They ring a bell in the Coe College admissions office every time a kid sends in his $200 enrollment deposit. Call it a victory bell, a celebration for having someone decide to attend the northeast Cedar Rapids school.
Surprisingly, there are no bells in the football office, though maybe there should be. We’re talking church size here because recruiting for NCAA Division III football programs is tough, tough business.
“It seems sometimes coaching is minor compared to recruiting,” said Coe head coach Steve Staker.
Wednesday is signing day for Division I and II football programs, with the nation’s four and five-star prep players inking their official letters of intent to places like Iowa, Iowa State, Florida and Notre Dame.
There’s nothing like that for Coe, Cornell and the rest of the Iowa Conference schools. No letters of intent, no press conferences, no national television talking head touting how well or poorly you did.
You basically tell a kid he has to pay for his own tuition, room and board because there are no athletic scholarships in Division III. You coax him to come to a Coe, Cornell or Luther and hope he shows up the first day of practice in August.
“Until you see the whites of their eyes, you don’t really know what your recruiting class is,” Brautigam said.
Coe and Luther actually subscribe to services that help them identify potential recruits, especially in Iowa. The schools have other areas they traditionally recruit: Colorado, the Chicago suburbs, Kansas City, St. Louis and Dallas-Fort Worth areas for Coe; Colorado, Texas, Wisconsin, Illinois, California and Florida for Cornell; Minnesota, Wisconsin and Colorado for Luther.
Keep in mind, this is done on significantly smaller budgets than what you have at Iowa — approximately $7,000 at Coe and one recruiting car.
“I think I counted up the other day that there are 27 schools in Iowa who have football programs,” Staker said. “That doesn’t include Iowa and Iowa State. That’s a lot of football, and Iowa is not that populated. So when everything gets divvied up, we do have to spend time (elsewhere).”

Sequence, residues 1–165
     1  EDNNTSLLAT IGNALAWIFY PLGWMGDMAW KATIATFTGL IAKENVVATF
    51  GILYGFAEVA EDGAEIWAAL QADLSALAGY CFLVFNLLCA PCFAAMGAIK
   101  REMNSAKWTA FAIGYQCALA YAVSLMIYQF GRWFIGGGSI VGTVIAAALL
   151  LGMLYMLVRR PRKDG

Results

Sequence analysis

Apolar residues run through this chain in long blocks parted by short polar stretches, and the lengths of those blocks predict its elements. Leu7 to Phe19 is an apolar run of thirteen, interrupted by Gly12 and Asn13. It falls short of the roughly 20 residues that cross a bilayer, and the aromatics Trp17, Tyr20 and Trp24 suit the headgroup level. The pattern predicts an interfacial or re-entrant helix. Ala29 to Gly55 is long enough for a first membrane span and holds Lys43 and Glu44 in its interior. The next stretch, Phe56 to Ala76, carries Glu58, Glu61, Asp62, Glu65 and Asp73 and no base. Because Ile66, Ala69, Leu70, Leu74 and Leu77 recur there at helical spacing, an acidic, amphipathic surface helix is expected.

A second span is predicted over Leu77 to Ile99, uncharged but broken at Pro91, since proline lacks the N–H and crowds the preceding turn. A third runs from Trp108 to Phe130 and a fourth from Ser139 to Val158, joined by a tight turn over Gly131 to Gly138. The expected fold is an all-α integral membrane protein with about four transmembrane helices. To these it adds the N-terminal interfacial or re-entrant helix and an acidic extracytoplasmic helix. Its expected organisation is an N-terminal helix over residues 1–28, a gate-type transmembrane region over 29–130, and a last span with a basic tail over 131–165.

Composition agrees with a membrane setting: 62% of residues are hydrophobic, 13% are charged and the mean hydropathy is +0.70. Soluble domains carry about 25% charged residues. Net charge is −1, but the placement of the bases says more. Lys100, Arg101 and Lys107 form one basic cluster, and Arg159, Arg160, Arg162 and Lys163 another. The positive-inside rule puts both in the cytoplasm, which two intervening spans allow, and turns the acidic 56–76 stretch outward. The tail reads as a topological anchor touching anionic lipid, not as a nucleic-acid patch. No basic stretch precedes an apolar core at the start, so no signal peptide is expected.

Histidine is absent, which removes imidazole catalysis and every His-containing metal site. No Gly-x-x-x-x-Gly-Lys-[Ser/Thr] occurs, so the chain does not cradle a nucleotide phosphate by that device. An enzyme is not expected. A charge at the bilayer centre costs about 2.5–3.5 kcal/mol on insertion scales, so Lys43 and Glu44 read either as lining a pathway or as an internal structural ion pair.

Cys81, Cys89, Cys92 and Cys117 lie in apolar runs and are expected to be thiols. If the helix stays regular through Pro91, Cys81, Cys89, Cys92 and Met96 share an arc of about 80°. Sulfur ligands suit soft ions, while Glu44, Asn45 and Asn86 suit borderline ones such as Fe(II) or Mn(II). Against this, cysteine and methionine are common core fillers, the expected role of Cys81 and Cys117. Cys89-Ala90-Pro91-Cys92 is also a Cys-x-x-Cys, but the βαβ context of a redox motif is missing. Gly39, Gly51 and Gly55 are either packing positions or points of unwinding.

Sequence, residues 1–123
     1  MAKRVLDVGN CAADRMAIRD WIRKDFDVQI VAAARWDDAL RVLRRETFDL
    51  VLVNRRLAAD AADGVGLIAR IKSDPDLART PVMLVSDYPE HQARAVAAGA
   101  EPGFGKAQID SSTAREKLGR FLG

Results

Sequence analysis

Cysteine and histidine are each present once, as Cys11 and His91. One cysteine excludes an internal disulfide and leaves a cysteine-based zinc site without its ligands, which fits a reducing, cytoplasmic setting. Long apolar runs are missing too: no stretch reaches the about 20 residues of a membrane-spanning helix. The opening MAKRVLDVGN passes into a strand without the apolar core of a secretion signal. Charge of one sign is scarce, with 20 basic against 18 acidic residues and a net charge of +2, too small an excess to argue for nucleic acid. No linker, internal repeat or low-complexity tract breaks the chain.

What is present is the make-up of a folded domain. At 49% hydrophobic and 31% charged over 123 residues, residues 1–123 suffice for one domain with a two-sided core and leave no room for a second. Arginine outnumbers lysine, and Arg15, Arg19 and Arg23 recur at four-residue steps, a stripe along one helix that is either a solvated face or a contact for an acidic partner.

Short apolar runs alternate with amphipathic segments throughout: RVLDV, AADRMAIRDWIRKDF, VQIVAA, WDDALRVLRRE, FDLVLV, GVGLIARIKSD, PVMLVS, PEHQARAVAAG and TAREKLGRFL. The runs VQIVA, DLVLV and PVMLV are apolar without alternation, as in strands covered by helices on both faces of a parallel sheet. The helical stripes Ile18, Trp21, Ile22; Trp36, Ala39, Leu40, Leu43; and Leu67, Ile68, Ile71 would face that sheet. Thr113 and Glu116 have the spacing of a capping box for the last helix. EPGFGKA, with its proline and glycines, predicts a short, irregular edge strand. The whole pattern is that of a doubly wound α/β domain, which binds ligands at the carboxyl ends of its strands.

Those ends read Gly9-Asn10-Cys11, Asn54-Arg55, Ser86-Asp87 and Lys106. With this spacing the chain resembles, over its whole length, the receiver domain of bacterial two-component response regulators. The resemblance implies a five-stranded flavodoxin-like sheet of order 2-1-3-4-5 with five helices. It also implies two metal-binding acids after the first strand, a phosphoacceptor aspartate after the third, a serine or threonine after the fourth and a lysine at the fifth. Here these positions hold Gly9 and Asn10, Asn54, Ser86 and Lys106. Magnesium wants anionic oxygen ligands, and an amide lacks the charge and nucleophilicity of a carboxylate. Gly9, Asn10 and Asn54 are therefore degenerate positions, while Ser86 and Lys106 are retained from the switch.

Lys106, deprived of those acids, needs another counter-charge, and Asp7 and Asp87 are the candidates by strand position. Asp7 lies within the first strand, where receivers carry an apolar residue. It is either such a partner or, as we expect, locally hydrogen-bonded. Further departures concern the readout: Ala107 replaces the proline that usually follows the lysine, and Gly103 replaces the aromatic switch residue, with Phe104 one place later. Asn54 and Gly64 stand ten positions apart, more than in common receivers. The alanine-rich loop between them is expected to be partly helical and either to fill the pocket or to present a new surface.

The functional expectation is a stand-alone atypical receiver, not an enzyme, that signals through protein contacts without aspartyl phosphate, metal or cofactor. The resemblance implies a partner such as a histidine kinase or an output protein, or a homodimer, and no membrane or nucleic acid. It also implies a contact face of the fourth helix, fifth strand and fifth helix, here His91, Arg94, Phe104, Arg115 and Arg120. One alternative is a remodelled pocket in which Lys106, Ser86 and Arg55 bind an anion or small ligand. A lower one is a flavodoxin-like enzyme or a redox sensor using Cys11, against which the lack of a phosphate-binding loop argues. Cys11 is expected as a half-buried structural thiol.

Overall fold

The phone is the D-III coach’s best friend. While there are “dead” periods in Division I and II, D-III coaches can call or have in-person contact any time with seniors in high school.
They can phone high-school juniors and have in-person contact if the kid comes to their campus. The nightly list of phone calls, including during the season, becomes particularly grinding.
“It is a year-around thing for us,” Staker said. “Division I and Division II have these windows where they can do and can’t do certain things. Where they can go watch these kids play or talk to the parents. We can call them all the time, we can visit them all the time, we can watch them play basketball games or go to track meets at any time.”
“Everything starts early,” said Luther Coach Mike Durnin. “You’re spending more time developing that relationship. That’s one of our advantages, to get to know that person and develop a relationship with him.”
The biggest disadvantage, of course, is a lack of scholarships. Aid is available, depending on a recruit’s grades, ACT/SAT scores and parents’ financial situation.
But simply getting them into your school is no sure thing. Cornell, in particular, has tough entrance requirements, believed to be the most stringent in the Iowa Conference.
“That’s just part of the challenge,” Durnin said. “To me, that’s not a negative at all.”
“I truly believe every school has its niche,” Brautigam said.
With no athletic scholarships, D-III coaches can recruit and bring in as many kids as they desire. It truly is the more, the merrier.
“A lot of people don’t realize it,” Durnin said. “But the heart and desire to be successful is the same at every level.”